NATIONAL BUREAU OF ECONOMIC RESEARCH
NATIONAL BUREAU OF ECONOMIC RESEARCH

Can Variation in Subgroups' Average Treatment Effects Explain Treatment Effect Heterogeneity? Evidence from a Social Experiment

Marianne P. Bitler, Jonah B. Gelbach, Hilary W. Hoynes

NBER Working Paper No. 20142
Issued in May 2014
NBER Program(s):   CH   LS   PE

In this paper, we assess whether welfare reform affects earnings only through mean impacts that are constant within but vary across subgroups. This is important because researchers interested in treatment effect heterogeneity typically restrict their attention to estimating mean impacts that are only allowed to vary across subgroups. Using a novel approach to simulating treatment group earnings under the constant mean-impacts within subgroup model, we find that this model does a poor job of capturing the treatment effect heterogeneity for Connecticut’s Jobs First welfare reform experiment using quantile treatment effects. Notably, ignoring within-group heterogeneity would lead one to miss evidence that the Jobs First experiment’s effects are consistent with central predictions of basic labor supply theory.

You may purchase this paper on-line in .pdf format from SSRN.com ($5) for electronic delivery.

Information about Free Papers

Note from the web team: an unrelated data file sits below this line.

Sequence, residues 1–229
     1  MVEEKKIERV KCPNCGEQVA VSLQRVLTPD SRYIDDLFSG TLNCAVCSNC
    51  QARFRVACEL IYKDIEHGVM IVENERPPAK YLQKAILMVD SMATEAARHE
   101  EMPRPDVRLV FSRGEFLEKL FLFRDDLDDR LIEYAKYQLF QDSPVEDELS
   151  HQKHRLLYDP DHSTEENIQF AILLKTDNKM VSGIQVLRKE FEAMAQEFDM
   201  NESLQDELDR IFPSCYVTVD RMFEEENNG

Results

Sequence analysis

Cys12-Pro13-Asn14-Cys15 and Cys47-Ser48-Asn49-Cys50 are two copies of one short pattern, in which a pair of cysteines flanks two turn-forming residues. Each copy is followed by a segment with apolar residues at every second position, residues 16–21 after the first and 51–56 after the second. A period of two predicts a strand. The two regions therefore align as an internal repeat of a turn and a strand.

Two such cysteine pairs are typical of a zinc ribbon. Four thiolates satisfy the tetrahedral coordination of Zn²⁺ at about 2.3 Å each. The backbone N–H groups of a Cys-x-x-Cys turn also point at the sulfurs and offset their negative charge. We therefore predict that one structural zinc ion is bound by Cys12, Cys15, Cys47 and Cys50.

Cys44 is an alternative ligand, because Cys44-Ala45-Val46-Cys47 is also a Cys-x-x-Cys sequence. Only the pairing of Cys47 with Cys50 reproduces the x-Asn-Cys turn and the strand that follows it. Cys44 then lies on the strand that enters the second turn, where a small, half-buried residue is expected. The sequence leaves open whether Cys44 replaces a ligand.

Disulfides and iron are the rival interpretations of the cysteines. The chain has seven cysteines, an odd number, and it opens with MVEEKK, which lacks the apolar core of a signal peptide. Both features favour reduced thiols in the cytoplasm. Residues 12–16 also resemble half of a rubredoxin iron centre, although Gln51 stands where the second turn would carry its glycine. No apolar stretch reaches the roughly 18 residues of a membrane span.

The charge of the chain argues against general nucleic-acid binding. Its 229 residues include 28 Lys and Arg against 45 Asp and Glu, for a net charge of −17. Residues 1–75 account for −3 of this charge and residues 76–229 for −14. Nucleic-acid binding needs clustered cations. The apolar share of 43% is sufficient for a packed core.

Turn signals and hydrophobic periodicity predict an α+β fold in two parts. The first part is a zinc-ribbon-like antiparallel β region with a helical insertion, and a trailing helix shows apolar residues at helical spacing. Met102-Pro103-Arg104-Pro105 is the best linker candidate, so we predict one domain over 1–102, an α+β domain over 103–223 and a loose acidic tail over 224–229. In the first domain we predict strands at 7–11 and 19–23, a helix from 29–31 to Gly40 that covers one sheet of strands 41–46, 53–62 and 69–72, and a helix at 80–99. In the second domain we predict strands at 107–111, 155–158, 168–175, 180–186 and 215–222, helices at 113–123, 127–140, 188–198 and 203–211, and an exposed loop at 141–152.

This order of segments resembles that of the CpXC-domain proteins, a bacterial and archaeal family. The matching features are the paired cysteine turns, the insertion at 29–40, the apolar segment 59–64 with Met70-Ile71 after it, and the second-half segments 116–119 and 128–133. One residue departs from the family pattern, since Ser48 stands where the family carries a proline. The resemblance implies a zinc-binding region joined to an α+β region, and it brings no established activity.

You should expect a free download if you are a subscriber, a corporate associate of the NBER, a journalist, an employee of the U.S. federal government with a ".GOV" domain name, or a resident of nearly any developing country or transition economy.

If you usually get free papers at work/university but do not at home, you can either connect to your work VPN or proxy (if any) or elect to have a link to the paper emailed to your work email address below. The email address must be connected to a subscribing college, university, or other subscribing institution. Gmail and other free email addresses will not have access.

E-mail:

Machine-readable bibliographic record - MARC, RIS, BibTeX

Document Object Identifier (DOI): 10.3386/w20142

Users who downloaded this paper also downloaded these:
Bastos, Silva, and Verhoogen w20143 Export Destinations and Input Prices
Bitler and Hoynes w19449 The More Things Change, the More They Stay the Same? The Safety Net and Poverty in the Great Recession
Banerjee, Meng, Porzio, and Qian w20050 Aggregate Fertility and Household Savings: A General Equilibrium Analysis using Micro Data
List and Samek w20132 The Behavioralist as Nutritionist: Leveraging Behavioral Economics To Improve Child Food Choice and Consumption
Mincer Labor Force Participation of Married Women: A Study of Labor Supply
 
Publications
Activities
Meetings
NBER Videos
Data
People
About

Support
National Bureau of Economic Research, 1050 Massachusetts Ave., Cambridge, MA 02138; 617-868-3900; email: info@nber.org

Contact Us